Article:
Tag Archives: consumer advocacy

Here’s Why The #IRS Isn’t Suing You #scams


I’ve recently had to field my fifth and sixth final warnings from diligent and eager “IRS customer service agents” who are “bring lawsuit against you [me]” on my cell phone.

The phone calls are never live, because that would be illegal, to, y’know, falsely represent a federal agent.

The calls are usually after IRS business hours, so when I call them back, if a person doesn’t answer the phone, the calls are actually answered by a real IRS field office which doesn’t take calls and instructs you to call back during normal business hours. Somehow, the criminals are co-opting the real phone numbers of these offices.

Other times, if you call back and you get a person who alleges to be an IRS agent with a badge number and who gives a legitimate field office address and so if you check it on your computer at the same time you’re interacting with these people, the data is compelling, it can FEEL legitimate. It’s not.

Here’s the truth: they’re not legit. They’re criminals and thugs, wearing headsets and are only trying to steal from you.

My post here is skimming on many of the facts of these situations. I won’t purport to know all the reasons and ways the IRS will interact with a taxpayer. 

News of these scams are rampant.  One man in North Carolina, a minister, paid off these people with PREPAID DEBIT CARDS to the tune of $16,000 — that’s money he’ll NEVER see again…

So here are some (of many — too many to list) truths about this situation:

  • The actual IRS will announce an audit (not a lawsuit) over registered and certified mail, to your residence, or the last known residence listed on your most recent tax return.
  • The scammers called my son’s cell phone. He’s 17. He doesn’t have a job, never has. He doesn’t file taxes.
  • The scammers  don’t know who they’re talking to… that’s a tip-off.
  • The scammers don’t know your name. Don’t give it to them. It’s fun though, to give them a false one and let them follow a trail…
  • The scammers don’t know your street address, don’t give it to them. Keep the charade going: give them a fake one.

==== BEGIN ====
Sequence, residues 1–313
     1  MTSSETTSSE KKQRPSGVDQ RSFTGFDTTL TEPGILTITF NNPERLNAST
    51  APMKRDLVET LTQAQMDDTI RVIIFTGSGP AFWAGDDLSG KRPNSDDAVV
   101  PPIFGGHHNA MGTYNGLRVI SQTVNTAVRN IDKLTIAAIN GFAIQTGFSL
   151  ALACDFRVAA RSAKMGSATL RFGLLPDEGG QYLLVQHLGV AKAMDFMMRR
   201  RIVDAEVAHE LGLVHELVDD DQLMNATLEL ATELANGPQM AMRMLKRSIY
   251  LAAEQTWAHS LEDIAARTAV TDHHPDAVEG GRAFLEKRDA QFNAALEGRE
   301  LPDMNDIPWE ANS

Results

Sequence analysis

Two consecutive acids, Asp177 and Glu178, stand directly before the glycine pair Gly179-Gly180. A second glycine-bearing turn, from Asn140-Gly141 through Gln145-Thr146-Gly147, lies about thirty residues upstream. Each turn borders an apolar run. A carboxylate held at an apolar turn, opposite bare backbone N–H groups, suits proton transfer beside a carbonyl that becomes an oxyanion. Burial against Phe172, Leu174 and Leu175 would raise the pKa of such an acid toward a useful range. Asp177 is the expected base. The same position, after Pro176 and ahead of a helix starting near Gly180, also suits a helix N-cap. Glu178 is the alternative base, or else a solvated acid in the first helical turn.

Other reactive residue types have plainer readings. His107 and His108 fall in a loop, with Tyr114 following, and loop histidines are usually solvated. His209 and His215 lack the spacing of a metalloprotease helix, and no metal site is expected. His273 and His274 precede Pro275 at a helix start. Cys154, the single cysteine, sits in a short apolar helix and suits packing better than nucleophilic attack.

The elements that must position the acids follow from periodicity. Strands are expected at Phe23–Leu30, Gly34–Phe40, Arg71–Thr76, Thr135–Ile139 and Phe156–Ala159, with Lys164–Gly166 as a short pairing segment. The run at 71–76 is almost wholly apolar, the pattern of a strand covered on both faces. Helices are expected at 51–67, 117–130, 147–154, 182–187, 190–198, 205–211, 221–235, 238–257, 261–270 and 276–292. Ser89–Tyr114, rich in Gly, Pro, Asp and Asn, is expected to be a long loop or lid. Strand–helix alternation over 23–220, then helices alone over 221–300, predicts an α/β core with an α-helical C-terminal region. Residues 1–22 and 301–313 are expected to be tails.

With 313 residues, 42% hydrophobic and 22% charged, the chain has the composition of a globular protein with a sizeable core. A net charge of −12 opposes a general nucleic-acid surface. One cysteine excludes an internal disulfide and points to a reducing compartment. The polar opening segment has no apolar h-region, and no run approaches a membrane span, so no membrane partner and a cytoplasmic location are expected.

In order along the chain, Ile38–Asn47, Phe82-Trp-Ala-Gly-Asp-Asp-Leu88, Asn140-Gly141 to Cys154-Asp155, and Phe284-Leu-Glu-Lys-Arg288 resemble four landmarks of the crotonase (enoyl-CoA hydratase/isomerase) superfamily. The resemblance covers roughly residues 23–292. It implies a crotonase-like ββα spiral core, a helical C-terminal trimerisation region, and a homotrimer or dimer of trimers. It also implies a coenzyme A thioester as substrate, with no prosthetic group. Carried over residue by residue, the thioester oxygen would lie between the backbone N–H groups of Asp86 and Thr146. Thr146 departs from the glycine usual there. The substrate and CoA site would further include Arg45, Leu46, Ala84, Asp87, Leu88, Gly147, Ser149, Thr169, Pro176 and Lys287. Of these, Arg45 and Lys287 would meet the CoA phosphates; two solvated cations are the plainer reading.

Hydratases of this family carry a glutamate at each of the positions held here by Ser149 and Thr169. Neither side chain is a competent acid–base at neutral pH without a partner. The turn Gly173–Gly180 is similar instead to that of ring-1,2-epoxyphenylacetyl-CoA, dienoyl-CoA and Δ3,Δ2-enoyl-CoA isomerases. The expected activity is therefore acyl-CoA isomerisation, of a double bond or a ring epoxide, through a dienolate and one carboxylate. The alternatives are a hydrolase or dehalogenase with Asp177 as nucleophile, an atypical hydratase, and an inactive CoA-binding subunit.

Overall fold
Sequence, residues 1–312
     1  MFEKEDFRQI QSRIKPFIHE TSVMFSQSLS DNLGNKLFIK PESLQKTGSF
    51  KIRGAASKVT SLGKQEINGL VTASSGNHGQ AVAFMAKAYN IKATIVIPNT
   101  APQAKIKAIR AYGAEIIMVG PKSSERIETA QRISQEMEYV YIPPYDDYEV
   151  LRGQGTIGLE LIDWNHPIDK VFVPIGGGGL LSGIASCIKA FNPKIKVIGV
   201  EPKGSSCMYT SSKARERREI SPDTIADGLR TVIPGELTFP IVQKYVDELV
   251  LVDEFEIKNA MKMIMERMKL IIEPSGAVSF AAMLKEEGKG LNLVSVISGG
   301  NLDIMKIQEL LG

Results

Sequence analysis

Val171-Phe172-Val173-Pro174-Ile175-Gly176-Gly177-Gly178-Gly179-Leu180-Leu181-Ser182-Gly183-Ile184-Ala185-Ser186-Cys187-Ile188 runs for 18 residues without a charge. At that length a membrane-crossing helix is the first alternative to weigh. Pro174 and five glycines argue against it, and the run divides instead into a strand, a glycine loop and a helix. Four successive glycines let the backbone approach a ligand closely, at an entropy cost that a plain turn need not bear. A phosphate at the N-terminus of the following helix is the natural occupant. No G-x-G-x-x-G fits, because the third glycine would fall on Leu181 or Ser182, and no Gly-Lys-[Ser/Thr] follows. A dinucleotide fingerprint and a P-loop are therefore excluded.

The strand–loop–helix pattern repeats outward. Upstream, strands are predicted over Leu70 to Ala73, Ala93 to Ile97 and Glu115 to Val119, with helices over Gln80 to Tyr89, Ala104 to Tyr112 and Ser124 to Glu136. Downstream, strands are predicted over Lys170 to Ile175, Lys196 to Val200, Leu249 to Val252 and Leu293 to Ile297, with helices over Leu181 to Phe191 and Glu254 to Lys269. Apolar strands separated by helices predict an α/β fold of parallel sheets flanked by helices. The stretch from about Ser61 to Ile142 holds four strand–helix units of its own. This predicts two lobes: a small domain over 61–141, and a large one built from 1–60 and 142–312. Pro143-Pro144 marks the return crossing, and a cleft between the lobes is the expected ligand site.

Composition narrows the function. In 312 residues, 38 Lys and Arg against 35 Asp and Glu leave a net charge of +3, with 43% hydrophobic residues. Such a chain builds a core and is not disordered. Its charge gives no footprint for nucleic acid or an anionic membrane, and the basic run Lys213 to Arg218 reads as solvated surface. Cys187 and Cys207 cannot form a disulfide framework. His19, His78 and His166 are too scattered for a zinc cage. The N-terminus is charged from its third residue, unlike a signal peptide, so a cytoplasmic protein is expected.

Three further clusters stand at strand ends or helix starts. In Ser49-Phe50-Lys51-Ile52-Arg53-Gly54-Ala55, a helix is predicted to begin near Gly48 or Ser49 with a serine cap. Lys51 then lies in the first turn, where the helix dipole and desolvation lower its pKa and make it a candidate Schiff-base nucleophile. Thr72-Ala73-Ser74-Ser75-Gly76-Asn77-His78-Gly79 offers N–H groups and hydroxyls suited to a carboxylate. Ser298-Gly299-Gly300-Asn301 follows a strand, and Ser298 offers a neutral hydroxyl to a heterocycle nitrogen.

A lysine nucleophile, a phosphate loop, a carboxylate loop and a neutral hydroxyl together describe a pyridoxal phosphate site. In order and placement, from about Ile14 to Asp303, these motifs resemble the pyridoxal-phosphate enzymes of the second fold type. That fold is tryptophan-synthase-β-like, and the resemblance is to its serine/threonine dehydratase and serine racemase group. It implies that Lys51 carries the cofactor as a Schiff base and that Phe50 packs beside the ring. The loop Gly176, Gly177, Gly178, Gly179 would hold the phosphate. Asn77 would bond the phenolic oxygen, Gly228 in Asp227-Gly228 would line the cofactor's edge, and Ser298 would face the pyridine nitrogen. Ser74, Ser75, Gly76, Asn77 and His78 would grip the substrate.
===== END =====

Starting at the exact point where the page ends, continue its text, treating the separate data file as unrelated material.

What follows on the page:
If you make the scammers verify everything — it will be a very short call. But they’ll dance around it.

The scammers will say you’re under investigation for a very old tax return year, say, 2008. The IRS can’t audit you beyond two years’ worth of tax returns (so for FY 2015, they can’t go to years prior to 2013 — often these scammers will say you’re being sued on 2010 or older return — don’t believe it — it’s not real). They like to say the lawsuit (never an audit) is going far back to throw you off.

Will the scammer be articulate and persistent? Yes. They will keep saying the same thing — fast and confidently– and it will sound official and feel convincing. But here’s the truth: don’t call for it… call the IRS in the morning and have a rational conversation with an agent.

Better yet, don’t answer the call. Let it go to voicemail and then call an IRS office in the morning. The IRS also has a toll-free number: (800) 829-1040.

If after the audit, to which you are a party, and the IRS does deem some further action is in order, you will know about it well in advance and trust me, it won’t be handled over your cell phone.

A tip-off: these thugs threaten you with incarceration. The police aren’t coming to get you. These people don’t even know who you are, remember that. If you are on the phone with these clowns, ask them to give you your street address. They can’t. Because they’re on a Skype or other pirated line which can’t be traced, and they don’t know where you’re calling from. Don’t give it to them.